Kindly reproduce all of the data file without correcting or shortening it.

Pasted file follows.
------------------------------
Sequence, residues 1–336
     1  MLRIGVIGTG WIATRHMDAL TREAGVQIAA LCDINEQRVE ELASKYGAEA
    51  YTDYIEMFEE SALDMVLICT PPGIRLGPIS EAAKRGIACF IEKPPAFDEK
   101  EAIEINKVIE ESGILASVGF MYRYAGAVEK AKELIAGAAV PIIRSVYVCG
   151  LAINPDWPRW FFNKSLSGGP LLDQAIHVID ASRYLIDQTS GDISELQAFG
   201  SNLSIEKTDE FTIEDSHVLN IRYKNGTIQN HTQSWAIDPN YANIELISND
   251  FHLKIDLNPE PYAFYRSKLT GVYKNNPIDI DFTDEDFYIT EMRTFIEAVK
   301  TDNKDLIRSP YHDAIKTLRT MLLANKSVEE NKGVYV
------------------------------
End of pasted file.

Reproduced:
Sequence, residues 1–336
     1  MLRIGVIGTG WIATRHMDAL TREAGVQIAA LCDINEQRVE ELASKYGAEA
    51  YTDYIEMFEE SALDMVLICT PPGIRLGPIS EAAKRGIACF IEKPPAFDEK
   101  EAIEINKVIE ESGILASVGF MYRYAGAVEK AKELIAGAAV PIIRSVYVCG
   151  LAINPDWPRW FFNKSLSGGP LLDQAIHVID ASRYLIDQTS GDISELQAFG
   201  SNLSIEKTDE FTIEDSHVLN IRYKNGTIQN HTQSWAIDPN YANIELISND
   251  FHLKIDLNPE PYAFYRSKLT GVYKNNPIDI DFTDEDFYIT EMRTFIEAVK
   301  TDNKDLIRSP YHDAIKTLRT MLLANKSVEE NKGVYV